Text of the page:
June 19th, 2008, 05:26 AM
Windows XP continually reboots
Just a newbie problem here. My next neighbour came around and said she has a problem with her computer. The problem is that she was surfing the net and left her computer for about half an hour (still connected to the net) and when she came back her computer has rebooted. It came up with the options:
Boot in safe mode
Boot in safe mode with command prompt
Last known good configuration...
and other options i can't remember
so I decided to choose Last know good configuration and the computer just reboots itself and comes back with the same options as above. Decided to choose boot in safe mode and the same thing happens (reboots and back to the same options as above). Actually it doesn't matter what options you choose it just reboots and comes back with the same options.
And then I decided to press F8 during reboot so I can disable Windows XP restarting again and I ended up with the BSOD with the following error messages:
IF THIS IS THE FIRST TIME IT OCCURRED .......
STOP: 0x000000ED (0x87387C08, 0xC000009C, 0x00000000, 0x00000000)
After seeing that error message decided to start the Windows XP recovery console and decided to do a chkdsk /r, it is now currently stuck on 60% completed.
and now I'm stuck - does that mean that her hard drive is stuffed?
should I restart the recovery console and try chkdsk /p or fixboot?
Am I even in the right track?
Her PC specs are:
well she doesn't really know, all I know is her operating system is Windows XP Pro service pack 1 and she said her CPU is a Pentium 2.4.
Any help would be appreciated.
June 19th, 2008, 06:30 AM
Chkdsk /r should fix things according to this
If you get it to boot properly install SP3. I'm sure the fix is in there somewhere..
Experience is something you don't get until just after you need it.
June 19th, 2008, 06:49 AM
"2.4 gigahertz" is not a version number.
and she said her CPU is a Pentium 2.4
June 19th, 2008, 07:21 AM
Just an update..
Well I ended up restarting Windows XP recovery console and started chkdsk /p which was I must admit was quicker. It came back with one or more sector errors. So next I decided to FIXBOOT which according to the recovery console will write me a new boot.ini and everything was good.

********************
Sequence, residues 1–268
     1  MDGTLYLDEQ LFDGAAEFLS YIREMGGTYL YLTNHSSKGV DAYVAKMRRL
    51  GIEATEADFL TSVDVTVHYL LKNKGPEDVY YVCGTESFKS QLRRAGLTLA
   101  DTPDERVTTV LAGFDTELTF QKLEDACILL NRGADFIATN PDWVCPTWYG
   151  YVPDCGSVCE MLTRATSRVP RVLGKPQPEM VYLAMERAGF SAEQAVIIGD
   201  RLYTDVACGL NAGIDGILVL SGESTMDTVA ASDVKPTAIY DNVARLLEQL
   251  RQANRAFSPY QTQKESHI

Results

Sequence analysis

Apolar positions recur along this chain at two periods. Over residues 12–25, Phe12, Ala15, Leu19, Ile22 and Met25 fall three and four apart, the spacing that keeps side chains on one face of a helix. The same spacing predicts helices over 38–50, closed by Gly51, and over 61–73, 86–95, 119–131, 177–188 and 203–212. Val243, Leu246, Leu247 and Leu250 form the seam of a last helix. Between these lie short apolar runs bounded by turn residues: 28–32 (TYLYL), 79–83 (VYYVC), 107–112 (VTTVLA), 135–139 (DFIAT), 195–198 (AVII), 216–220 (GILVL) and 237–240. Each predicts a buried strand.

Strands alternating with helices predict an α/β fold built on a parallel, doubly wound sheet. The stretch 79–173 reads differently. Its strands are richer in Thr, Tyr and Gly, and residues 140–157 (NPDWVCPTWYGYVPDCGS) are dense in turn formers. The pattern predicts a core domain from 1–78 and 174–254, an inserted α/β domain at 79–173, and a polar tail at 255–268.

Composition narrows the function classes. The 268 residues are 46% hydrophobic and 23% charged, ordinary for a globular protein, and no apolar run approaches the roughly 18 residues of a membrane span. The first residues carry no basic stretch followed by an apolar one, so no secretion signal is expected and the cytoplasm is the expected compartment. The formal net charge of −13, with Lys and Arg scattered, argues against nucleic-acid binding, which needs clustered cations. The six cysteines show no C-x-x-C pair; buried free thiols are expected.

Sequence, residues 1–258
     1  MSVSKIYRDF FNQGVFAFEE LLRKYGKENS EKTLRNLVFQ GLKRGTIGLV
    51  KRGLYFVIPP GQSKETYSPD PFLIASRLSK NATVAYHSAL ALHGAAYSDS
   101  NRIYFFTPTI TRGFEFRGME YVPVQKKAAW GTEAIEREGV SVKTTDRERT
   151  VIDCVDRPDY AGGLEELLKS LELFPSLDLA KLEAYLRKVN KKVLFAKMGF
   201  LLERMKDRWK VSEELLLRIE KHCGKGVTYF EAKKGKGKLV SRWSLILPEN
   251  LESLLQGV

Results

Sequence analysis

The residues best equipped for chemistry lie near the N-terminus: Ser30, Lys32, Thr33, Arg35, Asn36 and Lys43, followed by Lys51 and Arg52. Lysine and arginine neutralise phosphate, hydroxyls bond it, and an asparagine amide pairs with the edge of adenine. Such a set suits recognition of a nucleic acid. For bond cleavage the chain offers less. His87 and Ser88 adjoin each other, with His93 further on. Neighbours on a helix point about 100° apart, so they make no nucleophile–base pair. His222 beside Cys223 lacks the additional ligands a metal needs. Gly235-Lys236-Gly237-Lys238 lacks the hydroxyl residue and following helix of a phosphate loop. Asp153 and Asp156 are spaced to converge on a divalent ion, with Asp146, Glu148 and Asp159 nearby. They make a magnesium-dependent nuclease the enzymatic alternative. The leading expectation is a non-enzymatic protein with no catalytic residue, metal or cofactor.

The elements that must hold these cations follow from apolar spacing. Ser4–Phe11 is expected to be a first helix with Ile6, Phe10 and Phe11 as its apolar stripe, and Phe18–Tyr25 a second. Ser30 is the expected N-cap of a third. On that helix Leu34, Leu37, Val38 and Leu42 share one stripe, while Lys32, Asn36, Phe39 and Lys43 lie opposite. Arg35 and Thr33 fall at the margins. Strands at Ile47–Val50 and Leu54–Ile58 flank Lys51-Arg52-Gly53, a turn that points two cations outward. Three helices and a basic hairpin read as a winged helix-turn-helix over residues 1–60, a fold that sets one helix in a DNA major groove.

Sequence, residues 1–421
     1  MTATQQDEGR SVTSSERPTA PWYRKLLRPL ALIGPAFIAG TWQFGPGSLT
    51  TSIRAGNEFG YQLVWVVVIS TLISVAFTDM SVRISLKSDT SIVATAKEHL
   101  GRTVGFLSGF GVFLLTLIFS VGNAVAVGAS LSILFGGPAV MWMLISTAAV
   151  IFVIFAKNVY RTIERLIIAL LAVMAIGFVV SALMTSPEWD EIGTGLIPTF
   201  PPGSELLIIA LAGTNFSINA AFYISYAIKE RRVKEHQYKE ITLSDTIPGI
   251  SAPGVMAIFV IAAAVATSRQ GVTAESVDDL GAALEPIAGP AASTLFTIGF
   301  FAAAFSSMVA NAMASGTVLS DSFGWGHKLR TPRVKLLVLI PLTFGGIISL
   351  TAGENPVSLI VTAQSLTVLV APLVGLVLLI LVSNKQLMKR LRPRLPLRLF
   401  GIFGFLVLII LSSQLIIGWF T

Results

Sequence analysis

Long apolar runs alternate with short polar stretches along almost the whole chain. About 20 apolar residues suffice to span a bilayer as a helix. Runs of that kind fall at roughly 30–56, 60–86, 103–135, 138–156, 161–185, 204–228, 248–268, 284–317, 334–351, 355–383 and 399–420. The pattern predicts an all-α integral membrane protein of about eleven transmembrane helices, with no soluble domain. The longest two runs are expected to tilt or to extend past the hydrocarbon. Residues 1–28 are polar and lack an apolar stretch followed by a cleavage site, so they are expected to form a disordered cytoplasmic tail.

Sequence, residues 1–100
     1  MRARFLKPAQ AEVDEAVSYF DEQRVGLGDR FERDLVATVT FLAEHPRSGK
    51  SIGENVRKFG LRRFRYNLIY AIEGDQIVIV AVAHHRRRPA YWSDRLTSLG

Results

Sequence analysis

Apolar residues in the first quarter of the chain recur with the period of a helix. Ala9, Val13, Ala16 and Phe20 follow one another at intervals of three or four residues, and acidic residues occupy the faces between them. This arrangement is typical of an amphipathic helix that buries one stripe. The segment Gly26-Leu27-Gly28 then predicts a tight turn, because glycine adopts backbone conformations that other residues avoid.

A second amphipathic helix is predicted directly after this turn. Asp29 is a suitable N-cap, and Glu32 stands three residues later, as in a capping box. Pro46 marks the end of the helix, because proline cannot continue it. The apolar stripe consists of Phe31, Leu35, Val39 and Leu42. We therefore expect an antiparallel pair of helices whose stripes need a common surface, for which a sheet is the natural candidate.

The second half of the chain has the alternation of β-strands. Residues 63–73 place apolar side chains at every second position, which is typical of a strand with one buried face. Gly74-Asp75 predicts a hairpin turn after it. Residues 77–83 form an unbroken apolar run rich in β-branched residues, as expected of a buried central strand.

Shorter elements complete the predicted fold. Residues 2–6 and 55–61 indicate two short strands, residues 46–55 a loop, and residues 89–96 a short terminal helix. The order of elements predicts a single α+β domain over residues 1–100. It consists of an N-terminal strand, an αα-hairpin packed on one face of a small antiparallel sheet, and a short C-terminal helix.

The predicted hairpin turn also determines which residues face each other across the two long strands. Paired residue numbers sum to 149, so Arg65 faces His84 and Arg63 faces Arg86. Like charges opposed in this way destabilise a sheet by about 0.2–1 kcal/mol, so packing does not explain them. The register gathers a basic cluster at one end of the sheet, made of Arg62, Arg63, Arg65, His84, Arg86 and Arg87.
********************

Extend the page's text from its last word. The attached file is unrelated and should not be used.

So with renewed confidence I rebooted the computer hoping that everything will be working but alas nope it still continues to reboot. So I will have to try chkdsk /r tomorrow. Apparently it really does take a long long time. Hopefully it will work then.
Otherwise with sector errors in the hard drive, would it be wise to suggest to my neighbour that it's time to get a new hard drive?
June 19th, 2008, 08:41 AM
I would suggest that you find out the make of drive, go to the manufacturer's site and get their diagnostic tools and run them.
"chkdsk" is not the sharpest tool in the shed.
True, but if you take that, and XP SP1 it suggests a machine that is at least 5 years old? I don't know what your mileage is, but I tend to find that HDDs fail in the first 6 months or several years down the line?
"2.4 gigahertz" is not a version number.
June 19th, 2008, 09:16 AM
Buy a new drive. Run chkdsk /r and either ghost (image) the old drive or
at least back it up. If chkdsk told you it has bad sectors, you better pull
any pertinent data off there.
“Everybody is ignorant, only on different subjects.” — Will Rogers
June 19th, 2008, 09:53 AM
brokencrow is right, back up any important stuff first. You should assume that if the HDD is going bad it is getting worse as time progresses.
June 20th, 2008, 03:11 AM
Thanks for all the advice fellows
Very much appreciated
June 25th, 2008, 03:54 PM
just wondering if anyone actually looked at the stop error
June 25th, 2008, 06:03 PM
Unfortunately I have seen it all too frequently, particularly with "deathstar" drives
In all cases it was a corrupt file system, which the reporting of bad sectors and continuous rebooting seems to confirm here.
The first thing is to save any important data (if there is any) as you never know how much longer the drive is going to last. In this case I noted that the OS is Windows XP SP1. I find it hard to believe that someone who hasn't updated their OS in 5 years has been fastidious about backups.
My next step would be to run the HDD manufacturer's diagnostics from a floppy or CD and see if there is anything wrong with the drive. If there isn't then chkdsk /r should do the trick (otherwise format and reinstall). If there is, you need a new drive.
In any event the operating system needs to be updated, and I would guess that the AV, anti-malware and firewall are in a poor state as well.
By Cider in forum Operating Systems
Last Post: March 21st, 2006, 08:30 PM
By mohaughn in forum Microsoft Security Discussions
Last Post: October 13th, 2004, 04:31 AM
By Cybr1d in forum Other Tutorials Forum
Last Post: February 6th, 2004, 08:30 PM
By warl0ck7 in forum Microsoft Security Discussions
Last Post: August 14th, 2003, 12:23 PM
By Remote_Access_ in forum Security Archives
Last Post: January 12th, 2002, 02:02 AM